The Virginia Workers' Compensation Act ("Act") provides that, except in express circumstances, every employer and employee "shall be conclusively presumed to have accepted" the provisions of the Act that establish a respective duty to "pay and accept compensation for personal injury or death by accident arising out of and in the course of the employment." Va. Code Ann. § 65.2-300 (West 2016). The Act also states thattt[t] he rights and remedies [of the Act] granted to an employee . shall exclude all other rights and remedies of such employee." Id. at § 65.2-307. This is referred to as the "exclusivity provision, " and it bars any suit seeking damages for injury brought by a person who is otherwise covered by the Act. See Butler v. Southern States Coop., Inc., 620 S.E.2d 768, 772 (Va. 2005). Faced with a 12(b) (1) motion to dismiss for lack of jurisdiction, "the plaintiff bears the burden of proving that the [Act's] exclusivity provision does not preclude this court's subject matter jurisdiction." Demetres v. East West Const., Inc., 995 F.Supp.2d 539, 543 (E.D. Va. 2014).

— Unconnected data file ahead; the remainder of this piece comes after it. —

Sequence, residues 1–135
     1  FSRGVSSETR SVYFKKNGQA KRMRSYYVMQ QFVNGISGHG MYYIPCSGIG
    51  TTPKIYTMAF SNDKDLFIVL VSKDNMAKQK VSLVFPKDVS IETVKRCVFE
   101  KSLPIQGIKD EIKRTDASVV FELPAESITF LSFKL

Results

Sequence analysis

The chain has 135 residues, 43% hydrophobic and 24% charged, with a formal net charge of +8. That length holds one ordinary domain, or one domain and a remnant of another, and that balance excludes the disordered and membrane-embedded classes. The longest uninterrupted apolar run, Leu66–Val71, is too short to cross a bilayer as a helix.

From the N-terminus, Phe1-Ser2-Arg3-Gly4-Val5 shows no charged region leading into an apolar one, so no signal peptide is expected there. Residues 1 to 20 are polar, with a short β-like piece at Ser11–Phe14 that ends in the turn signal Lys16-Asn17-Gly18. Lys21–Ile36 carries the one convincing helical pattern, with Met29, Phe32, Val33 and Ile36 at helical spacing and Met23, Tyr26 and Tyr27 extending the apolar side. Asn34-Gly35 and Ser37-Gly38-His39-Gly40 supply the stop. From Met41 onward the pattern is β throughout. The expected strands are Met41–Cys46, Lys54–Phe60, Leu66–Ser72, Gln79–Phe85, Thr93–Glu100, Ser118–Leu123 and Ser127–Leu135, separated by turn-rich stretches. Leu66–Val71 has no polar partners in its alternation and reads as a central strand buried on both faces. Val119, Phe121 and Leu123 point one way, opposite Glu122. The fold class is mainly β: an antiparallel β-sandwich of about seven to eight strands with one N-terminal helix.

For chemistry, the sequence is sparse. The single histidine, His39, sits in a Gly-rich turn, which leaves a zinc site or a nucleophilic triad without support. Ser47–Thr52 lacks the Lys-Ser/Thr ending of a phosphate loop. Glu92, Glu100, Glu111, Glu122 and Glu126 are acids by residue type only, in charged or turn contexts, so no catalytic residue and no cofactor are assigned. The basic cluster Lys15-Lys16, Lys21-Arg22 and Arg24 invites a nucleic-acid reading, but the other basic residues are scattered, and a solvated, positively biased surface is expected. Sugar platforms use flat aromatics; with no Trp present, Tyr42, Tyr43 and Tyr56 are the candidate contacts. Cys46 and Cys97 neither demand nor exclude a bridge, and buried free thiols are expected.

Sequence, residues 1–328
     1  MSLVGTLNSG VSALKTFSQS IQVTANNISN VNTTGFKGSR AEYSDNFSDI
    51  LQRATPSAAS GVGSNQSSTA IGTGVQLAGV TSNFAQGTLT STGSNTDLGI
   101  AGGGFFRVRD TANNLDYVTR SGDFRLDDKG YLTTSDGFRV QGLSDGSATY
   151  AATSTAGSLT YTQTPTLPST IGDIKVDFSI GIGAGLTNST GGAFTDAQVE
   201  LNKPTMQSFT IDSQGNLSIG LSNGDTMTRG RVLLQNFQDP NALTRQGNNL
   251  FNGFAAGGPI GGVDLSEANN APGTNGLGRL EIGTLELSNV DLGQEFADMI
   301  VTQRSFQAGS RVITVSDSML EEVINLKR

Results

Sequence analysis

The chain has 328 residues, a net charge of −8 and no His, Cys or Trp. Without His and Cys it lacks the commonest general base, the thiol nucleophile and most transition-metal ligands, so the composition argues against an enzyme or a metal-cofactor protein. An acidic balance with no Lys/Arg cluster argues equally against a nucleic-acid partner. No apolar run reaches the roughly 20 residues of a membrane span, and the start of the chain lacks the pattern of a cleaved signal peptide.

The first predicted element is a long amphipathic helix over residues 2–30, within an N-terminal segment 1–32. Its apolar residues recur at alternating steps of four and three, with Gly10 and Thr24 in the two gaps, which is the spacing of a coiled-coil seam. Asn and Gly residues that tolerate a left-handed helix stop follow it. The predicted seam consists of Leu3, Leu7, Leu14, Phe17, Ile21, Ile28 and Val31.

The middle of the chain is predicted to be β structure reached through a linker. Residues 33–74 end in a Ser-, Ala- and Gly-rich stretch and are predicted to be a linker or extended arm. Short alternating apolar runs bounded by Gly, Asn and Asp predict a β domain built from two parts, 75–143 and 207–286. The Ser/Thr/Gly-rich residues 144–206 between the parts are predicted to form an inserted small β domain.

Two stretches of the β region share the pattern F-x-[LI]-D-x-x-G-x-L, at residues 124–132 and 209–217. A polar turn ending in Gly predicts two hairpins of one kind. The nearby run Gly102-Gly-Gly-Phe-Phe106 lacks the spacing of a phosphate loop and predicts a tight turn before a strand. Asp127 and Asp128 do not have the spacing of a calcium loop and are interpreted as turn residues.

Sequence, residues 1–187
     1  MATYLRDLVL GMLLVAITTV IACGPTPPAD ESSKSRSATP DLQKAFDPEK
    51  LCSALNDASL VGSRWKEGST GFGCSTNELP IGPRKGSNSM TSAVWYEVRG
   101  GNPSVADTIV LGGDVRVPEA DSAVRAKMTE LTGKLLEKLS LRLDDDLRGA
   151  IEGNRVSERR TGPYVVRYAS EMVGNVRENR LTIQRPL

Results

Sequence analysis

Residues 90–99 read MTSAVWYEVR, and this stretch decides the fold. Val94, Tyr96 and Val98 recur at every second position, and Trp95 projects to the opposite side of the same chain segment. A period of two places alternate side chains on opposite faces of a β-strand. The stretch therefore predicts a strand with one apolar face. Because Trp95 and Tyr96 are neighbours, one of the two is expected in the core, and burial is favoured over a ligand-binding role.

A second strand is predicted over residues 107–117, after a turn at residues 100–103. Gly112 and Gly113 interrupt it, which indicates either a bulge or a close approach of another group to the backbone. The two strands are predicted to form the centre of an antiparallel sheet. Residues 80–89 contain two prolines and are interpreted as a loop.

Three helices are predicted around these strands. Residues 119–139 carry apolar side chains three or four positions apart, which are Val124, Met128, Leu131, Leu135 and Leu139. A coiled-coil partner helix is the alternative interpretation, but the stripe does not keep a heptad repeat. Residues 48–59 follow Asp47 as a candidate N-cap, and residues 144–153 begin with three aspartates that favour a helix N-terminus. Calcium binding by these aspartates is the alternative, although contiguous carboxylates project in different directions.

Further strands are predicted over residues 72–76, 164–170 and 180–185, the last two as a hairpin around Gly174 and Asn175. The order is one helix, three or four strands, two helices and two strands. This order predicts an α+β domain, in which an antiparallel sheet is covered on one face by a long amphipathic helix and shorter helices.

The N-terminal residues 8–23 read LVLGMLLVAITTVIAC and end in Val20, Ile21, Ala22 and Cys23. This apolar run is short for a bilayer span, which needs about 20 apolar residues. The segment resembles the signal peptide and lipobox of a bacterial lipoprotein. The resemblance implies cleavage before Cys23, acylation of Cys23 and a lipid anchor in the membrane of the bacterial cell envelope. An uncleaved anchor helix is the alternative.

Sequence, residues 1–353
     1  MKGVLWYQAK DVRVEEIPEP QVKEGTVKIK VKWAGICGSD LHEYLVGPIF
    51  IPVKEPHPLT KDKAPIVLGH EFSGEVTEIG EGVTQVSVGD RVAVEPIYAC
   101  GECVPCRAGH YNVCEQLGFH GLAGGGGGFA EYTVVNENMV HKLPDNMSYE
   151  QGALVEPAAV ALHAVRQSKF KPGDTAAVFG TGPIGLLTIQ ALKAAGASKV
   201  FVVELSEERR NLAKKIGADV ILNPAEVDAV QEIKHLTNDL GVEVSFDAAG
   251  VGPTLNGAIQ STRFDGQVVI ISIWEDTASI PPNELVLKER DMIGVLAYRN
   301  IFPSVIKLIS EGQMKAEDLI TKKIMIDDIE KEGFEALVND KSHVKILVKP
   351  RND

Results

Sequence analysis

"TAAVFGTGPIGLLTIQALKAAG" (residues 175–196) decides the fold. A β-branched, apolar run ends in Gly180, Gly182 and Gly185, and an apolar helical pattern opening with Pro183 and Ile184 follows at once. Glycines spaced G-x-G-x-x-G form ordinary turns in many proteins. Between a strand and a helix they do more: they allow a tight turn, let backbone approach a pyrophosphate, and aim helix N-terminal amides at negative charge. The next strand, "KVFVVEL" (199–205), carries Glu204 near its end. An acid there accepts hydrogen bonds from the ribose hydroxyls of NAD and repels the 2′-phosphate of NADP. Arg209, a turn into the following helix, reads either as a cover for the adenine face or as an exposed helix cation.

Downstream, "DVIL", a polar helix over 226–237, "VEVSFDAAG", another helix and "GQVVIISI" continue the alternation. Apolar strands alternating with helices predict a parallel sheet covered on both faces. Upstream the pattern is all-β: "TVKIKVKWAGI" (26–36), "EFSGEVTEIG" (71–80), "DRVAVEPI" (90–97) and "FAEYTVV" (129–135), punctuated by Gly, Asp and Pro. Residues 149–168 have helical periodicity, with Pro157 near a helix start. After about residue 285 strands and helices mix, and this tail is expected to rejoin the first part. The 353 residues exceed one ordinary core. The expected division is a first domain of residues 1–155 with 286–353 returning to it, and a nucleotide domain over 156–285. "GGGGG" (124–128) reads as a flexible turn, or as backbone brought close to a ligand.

There is no apparent dispute in this case that, if Hawkins was an employee of Robinson and/or Suddath, compensation for his injuries would be governed by the Virginia Workers' Compensation Act, and the exclusivity provision would bar him from bringing the instant suit against Defendants. Thus, the dispositive jurisdictional issue is whether Hawkins was an employee of Robinson and/or Suddath, and therefore subject to the exclusivity provision of the Act. The undisputed facts demonstrate that he was.

         A. Hawkins was not Plummer's Employee

         Hawkins' argument against application of the exclusivity-provision is that he worked for Plummer, the furniture owner, not the Defendants. The Act's definition of "employer" is broad and "includes (i) any person . . . using the service of another for pay . . . ." Va. Code Ann. § 65.2-101 (defining "employer"). Hawkins argues that because Plummer hired United Van Lines, who does business through Suddath, who in turn subcontracted with Robinson, who hired Hawkins to assist with unloading his belongings, Plummer is Hawkins' ...